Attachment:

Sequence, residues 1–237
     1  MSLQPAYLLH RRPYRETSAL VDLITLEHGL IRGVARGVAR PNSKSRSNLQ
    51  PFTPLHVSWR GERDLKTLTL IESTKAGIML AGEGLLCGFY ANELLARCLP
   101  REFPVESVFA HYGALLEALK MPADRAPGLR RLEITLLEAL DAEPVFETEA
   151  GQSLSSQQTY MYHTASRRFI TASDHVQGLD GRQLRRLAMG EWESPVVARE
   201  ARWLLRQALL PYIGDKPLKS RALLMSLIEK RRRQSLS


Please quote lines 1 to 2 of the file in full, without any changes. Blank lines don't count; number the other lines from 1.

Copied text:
Sequence, residues 1–237
     1  MSLQPAYLLH RRPYRETSAL VDLITLEHGL IRGVARGVAR PNSKSRSNLQ